"Western Star" Excursion Train, July 6, 2005 ...
On July 6, 2005, two steam engines, the Spokane, Portland & Seattle's #700 and the Southern Pacific's #4449, pulled 17 vintage cars on an excursion up the Columbia River Gorge, from Portland, Oregon, to Wishram, Washington. Known as the "Western Star", the SP&S 700 pulled the outbound journey on the Washington side of the Columbia River, while the SP 4449 took the journey home. Since the journey operated as an Amtrak special, an Amtrak P42 was in the lineup as well. The excursion was chartered for the National Railway Historical Society's 2005 convention being held in Portland. A SPECTACULAR vantage point to view the event was from the pullout at Dog Creek, just east of Dog Mountain.

Image, 2005, Excursion Train and Dog Mountain, Washington, click to enlarge
Click image to enlarge
"Western Star" Excursion Train with Dog Mountain, Washington. Dog Mountain rises above a special excursion train, the "Western Star", July 6, 2005. View from Washington State Highway 14, at the Dog Creek Pullout. Image taken July 6, 2005.
Image, 2005, Excursion Train and Dog Mountain, Washington, click to enlarge
Click image to enlarge
"Western Star" Excursion Train, rounding bend, Dog Mountain, Washington. Dog Mountain rises above a special excursion train, the "Western Star", July 6, 2005. View from Washington State Highway 14, at the Dog Creek Pullout. Image taken July 6, 2005.

"The Golden Age of Postcards" ...

The early 1900s was the "Golden Age of Postcards", with the "Penny Postcard" being a popular way to send greetings to family and friends. Today the Penny Postcard has become a snapshot of history.

Penny Postcard, Shellrock Mountain and the Columbia River Highway, ca.1937, click to enlarge
Click image to enlarge
Penny Postcard: Shellrock Mountain, Oregon, and the Columbia River Highway, ca.1937, with Dog Mountain in the background. Penny Postcard, Postmarked 1937, "At the foot of Shell Rock Mountain, Columbia River Highway, Oregon.". Published by The Oregon News, Portland, Oregon. Card is postmarked August 1937. Card #54. In the private collection of Lyn Topinka.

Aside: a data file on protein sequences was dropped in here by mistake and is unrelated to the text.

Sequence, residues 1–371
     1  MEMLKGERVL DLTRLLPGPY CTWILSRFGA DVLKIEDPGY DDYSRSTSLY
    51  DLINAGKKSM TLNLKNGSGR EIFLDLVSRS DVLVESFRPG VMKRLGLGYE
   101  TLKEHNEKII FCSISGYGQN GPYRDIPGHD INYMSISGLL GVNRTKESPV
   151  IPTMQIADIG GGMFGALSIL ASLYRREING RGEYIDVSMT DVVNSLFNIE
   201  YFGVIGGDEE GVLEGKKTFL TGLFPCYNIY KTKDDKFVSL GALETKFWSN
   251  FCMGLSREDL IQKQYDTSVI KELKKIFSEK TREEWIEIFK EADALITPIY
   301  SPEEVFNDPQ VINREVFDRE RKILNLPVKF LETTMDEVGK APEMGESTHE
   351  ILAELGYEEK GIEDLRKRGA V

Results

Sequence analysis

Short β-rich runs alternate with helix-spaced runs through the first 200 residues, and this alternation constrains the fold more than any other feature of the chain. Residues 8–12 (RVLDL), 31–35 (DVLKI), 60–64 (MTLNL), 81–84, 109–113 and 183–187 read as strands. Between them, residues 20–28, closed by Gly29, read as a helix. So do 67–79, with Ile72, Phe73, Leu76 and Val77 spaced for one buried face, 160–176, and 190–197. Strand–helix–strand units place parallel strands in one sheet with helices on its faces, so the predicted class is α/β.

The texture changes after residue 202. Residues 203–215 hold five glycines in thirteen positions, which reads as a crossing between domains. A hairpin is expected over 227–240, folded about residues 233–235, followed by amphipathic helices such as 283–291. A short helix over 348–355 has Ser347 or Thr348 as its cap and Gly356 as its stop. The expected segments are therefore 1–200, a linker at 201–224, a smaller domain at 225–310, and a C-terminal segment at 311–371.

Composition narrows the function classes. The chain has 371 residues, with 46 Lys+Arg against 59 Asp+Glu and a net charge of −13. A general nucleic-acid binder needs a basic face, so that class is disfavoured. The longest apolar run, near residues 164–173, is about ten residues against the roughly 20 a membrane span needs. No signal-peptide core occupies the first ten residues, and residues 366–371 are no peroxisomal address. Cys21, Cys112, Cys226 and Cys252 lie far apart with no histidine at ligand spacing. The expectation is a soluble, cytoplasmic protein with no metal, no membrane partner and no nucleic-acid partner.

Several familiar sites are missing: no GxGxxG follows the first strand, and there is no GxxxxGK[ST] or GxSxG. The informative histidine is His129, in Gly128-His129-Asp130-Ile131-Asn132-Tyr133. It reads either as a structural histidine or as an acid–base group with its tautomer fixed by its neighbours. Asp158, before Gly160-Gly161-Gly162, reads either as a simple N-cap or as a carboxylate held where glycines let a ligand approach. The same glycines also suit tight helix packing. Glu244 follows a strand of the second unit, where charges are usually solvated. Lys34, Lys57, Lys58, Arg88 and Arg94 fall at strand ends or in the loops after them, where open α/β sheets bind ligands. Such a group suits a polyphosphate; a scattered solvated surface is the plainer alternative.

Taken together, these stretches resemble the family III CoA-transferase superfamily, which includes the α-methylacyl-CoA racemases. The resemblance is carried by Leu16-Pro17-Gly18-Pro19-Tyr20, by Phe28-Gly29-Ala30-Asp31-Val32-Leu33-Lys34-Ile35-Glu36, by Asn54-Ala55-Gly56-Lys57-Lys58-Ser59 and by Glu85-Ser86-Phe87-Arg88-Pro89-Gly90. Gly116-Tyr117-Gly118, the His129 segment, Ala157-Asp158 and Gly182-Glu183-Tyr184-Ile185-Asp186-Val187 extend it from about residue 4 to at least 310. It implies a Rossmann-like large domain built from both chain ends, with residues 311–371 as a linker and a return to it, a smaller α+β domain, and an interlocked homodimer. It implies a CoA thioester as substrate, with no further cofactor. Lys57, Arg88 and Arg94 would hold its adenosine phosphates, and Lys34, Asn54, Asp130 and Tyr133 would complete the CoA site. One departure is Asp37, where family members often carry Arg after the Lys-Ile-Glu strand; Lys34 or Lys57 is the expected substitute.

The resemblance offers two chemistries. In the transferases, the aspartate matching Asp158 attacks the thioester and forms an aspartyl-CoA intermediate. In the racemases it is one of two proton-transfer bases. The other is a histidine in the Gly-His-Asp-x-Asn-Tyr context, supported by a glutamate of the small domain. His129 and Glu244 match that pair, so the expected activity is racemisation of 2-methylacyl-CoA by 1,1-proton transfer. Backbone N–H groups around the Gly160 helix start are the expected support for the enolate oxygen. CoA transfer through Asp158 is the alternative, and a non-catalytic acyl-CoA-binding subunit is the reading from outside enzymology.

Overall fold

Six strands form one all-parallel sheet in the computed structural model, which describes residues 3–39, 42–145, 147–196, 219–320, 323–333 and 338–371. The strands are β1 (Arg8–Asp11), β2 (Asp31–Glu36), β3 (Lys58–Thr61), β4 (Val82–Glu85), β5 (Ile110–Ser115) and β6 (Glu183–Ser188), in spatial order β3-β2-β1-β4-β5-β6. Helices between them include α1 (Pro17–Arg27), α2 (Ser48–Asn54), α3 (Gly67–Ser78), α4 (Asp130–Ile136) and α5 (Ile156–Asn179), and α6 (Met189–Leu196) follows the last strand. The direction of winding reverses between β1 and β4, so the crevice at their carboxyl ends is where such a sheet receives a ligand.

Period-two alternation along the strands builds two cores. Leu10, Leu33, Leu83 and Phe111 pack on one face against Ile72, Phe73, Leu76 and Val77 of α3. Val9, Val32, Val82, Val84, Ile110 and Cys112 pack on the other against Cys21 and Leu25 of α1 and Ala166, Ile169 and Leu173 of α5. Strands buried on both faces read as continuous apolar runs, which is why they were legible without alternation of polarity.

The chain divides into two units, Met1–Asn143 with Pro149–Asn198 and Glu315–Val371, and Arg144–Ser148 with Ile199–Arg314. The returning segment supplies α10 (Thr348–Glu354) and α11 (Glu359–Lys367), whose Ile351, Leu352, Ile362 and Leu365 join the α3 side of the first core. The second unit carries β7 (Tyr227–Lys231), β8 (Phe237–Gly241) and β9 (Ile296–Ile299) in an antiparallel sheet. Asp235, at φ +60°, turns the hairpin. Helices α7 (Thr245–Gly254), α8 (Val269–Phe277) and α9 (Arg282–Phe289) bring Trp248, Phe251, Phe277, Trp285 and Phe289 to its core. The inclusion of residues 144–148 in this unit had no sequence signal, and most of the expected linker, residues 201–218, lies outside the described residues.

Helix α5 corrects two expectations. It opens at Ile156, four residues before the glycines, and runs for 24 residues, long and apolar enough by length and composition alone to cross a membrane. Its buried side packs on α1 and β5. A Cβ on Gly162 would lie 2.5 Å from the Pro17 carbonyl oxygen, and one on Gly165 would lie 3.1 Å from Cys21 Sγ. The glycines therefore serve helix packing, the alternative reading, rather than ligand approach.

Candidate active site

From the Journals of Lewis and Clark ...

Clark, October 30, 1805 ...
A cool morning, a moderate rain all the last night, after eating a partial brackfast of venison we Set out [from their camp near Drano Lake and the Little White Salmon River]     passed Several places where the rocks projected into the river & have the appearance of haveing Seperated from the mountains and fallen promiscuisly into the river, Small nitches are formed in the banks below those projecting rocks which is comon in this part of the river, Saw 4 Cascades caused by Small Streams falling from the mountains on the Lard. Side,

[The possiblities in a two-mile area are - upstream to downstream - Starvation Creek and Falls, the seasonal Cabin Creek and Falls, Warren Creek and Falls, Wonder Creek and Lancaster Falls, Lindsey Creek and Falls, and Summit Creek and Falls.]

a remarkable circumstance in this part of the river is, the Stumps of pine trees [Submerged Forest]

[The Submerged Forest existed along the reach from above Dog Mountain/Viento Creek on the upstream edge and Wind Mountain/Shellrock Mountain on the downstream edge.]